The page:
What will a new Siting Process look like? Issues & Hurdles

i Oct 28th 3 Comments by

There’s no doubting the commitment in Whitehall to try and finalise GDF siting policy before Christmas.  But if you ask about timing, you get the same silent stoic smiles revealing the lack of certainty across Whitehall about getting Ministerial decisions on anything at the moment.

As we await policy finalisation, discussion has turned to what a siting process relaunch might look like.  There will be those quick to declare the process a failure if no communities come forward within the first few months.  However, it is much more likely that it will be many months before we see any sign of active community participation.

We can be confident about this because those most likely to lead their communities into the siting process say so.  Local Authority, Trades Union and Civil Society organisations share common observations and concerns that explain the likely longer-timescale scenario.  The issues and hurdles they believe still need addressing include:

Public awareness

Awareness of the siting policy and the issues is barely known outside the existing “GDF community” of policymakers, regulators, nuclear sector, and informed observers.  Nobody on the community-side feels confident about dropping their neighbours into this debate ‘cold’.  There will need to be a lot of non-geographic awareness-raising — ie building understanding of the issues without making any particular community feel they are the object of RWM’s desire.

Delivery body/developer as ‘adversary’

There are worries that RWM’s role as delivery body, or developer, may prejudice public reaction when ‘first contact’ is made with a community.  Traditional British ways of managing political discourse or decision-making tend to be adversarial, rather than about building consensus.  With the best engagement and goodwill in the world, RWM’s ‘neutrality’ in the debate is going to be questioned.  Like SKB in Sweden, RWM are going to have to earn communities’ respect through many years of deeds, not through early promises.  Initial awareness-raising and trust-building therefore may be better managed by a visibly independent body — could this be a revamped role for CoRWM?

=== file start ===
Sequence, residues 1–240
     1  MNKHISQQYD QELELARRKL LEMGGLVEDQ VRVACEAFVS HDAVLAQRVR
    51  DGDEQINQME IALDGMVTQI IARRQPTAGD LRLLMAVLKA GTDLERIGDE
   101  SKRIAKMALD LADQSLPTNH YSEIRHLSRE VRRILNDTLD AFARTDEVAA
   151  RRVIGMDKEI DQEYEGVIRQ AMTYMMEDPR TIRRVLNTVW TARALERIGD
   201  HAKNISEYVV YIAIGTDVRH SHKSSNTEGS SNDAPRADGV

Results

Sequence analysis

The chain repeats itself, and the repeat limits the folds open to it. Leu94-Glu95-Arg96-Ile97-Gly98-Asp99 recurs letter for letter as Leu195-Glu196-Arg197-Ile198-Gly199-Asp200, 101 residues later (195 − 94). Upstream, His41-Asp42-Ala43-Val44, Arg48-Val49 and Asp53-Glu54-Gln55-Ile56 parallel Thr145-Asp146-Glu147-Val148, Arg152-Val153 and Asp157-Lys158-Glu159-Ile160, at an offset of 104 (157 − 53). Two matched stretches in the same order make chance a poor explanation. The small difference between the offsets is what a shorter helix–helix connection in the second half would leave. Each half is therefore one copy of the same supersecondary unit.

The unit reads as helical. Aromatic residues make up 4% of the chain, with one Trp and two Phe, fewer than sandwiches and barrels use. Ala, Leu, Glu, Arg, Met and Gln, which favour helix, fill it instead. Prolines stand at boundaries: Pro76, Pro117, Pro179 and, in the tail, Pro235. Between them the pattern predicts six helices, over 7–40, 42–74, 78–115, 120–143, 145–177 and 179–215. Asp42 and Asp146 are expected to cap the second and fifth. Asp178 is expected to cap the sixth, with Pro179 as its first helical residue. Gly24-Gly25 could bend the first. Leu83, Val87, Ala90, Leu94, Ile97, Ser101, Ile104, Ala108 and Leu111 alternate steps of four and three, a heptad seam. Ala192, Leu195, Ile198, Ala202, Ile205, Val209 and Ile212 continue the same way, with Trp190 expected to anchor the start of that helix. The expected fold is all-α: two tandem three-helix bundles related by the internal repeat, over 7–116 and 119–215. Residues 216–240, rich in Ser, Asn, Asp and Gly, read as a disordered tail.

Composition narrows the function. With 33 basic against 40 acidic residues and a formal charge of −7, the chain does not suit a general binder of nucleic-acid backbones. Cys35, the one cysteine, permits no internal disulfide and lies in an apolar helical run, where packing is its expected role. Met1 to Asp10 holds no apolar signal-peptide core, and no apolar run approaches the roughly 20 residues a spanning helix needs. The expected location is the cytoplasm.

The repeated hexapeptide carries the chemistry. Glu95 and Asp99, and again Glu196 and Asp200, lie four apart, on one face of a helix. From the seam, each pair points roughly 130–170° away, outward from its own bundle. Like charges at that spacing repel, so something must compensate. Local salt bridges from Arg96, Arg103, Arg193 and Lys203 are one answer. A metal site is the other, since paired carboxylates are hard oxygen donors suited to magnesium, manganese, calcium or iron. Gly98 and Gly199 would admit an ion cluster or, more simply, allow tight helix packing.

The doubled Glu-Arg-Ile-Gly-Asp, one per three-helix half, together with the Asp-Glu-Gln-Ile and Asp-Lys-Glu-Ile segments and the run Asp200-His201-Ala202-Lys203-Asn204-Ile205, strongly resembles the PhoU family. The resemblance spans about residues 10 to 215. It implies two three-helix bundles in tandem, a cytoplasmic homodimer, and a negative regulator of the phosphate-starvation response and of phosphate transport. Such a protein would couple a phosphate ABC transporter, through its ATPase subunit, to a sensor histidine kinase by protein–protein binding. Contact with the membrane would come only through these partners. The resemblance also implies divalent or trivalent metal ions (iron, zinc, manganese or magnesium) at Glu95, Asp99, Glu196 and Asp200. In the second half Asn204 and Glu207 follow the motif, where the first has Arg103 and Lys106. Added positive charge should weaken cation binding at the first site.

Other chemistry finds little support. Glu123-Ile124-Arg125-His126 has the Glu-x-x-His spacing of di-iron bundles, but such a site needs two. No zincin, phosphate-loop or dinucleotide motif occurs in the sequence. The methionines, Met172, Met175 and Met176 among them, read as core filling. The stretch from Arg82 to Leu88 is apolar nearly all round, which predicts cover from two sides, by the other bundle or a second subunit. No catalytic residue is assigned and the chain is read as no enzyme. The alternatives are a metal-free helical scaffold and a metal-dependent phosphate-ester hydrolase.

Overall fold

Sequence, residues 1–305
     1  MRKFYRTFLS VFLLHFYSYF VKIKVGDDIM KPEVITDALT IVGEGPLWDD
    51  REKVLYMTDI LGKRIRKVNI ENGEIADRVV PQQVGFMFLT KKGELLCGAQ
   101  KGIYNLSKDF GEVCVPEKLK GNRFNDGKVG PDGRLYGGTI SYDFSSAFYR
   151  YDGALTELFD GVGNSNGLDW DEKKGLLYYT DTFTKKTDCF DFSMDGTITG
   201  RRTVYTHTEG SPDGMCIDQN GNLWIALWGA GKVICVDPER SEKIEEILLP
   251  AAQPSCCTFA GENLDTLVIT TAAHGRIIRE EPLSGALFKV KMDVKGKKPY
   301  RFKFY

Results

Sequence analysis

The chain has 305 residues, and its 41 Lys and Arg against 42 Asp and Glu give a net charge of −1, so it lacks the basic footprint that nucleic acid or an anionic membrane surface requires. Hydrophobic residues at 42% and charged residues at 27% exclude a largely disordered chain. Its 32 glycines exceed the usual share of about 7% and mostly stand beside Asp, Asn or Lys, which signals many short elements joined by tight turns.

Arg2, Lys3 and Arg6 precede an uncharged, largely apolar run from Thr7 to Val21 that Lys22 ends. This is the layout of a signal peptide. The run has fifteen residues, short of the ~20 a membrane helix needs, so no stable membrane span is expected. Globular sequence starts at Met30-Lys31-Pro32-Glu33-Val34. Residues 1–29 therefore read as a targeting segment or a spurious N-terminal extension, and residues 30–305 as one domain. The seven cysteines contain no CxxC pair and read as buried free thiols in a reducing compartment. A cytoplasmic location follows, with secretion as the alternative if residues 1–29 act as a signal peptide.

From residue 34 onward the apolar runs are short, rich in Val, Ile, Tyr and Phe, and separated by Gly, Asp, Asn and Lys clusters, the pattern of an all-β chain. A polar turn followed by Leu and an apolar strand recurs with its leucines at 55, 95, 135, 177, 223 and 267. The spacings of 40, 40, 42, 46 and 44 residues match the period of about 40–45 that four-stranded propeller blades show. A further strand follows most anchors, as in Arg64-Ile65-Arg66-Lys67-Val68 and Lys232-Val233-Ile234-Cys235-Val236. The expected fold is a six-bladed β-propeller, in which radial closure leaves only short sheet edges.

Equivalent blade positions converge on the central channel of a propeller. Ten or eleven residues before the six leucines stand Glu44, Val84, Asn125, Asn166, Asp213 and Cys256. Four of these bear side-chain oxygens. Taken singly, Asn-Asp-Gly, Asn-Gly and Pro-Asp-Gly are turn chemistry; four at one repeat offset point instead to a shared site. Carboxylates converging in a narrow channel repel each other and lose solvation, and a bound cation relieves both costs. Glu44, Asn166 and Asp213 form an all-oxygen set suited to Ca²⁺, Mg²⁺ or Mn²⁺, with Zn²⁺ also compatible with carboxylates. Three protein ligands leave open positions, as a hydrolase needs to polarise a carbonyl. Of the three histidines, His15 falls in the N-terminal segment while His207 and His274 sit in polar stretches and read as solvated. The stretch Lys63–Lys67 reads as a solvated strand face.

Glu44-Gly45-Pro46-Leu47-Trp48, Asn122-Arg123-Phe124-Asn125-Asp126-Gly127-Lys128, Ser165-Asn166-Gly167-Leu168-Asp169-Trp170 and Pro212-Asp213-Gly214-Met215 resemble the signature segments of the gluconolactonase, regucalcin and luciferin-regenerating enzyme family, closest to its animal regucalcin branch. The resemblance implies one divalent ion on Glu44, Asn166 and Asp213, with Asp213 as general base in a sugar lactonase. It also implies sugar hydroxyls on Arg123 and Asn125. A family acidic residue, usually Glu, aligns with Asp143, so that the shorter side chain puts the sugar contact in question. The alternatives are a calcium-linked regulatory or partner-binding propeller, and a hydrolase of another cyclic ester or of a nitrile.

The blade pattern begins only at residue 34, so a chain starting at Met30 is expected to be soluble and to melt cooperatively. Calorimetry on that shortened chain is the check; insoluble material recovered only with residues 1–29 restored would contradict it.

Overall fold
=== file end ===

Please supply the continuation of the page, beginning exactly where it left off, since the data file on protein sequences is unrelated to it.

Partnership proposals not developed in partnership with prospective partners

A widespread feeling that how the Working With Communities policy is to be implemented has not been developed in partnership with those RWM seeks to partner.  There is significant knowledge, and much existing activity, within the civil society sector around the development of community partnerships and involving communities in long-term planning and decision-making.  On the community-side of the equation there is a sense that little if any of this expertise has been utilised by RWM.  Thus there may be need for prolonged discussions with the sector to shape a workable siting partnership framework in which communities have confidence, before any individual community enters into the process.

Engagement funding prior to formal engagement

Currently there is no engagement funding until a community formally enters the siting process.  But if a community is to enter the preliminary ‘formative engagement’ phase, it will require some form of advance discussion within that community.  Given the current parlous state of local authority and community sector budgets, justifying the allocation of scarce resources to a speculative and highly-contentious proposal may forestall a community coming forward.  Unless additional funding is made available.


Some of these issues may be addressed in the final policy, as they were all raised during the pubic consultation.  RWM have certainly been investing in their community, engagement and communications function, so they may have solutions we’re not yet aware of.

Whatever happens, speed of movement in the siting process is not to be expected.  Nor is it necessarily desirable.  Leading anti-nuclear campaigner Prof Andy Blowers has cautioned against a hasty approach.  It seems unlikely his fears will be realised.  Government may have its policies and processes to move forward, but in a consent and partnership-based process it can only proceed at the pace of its prospective community partners.


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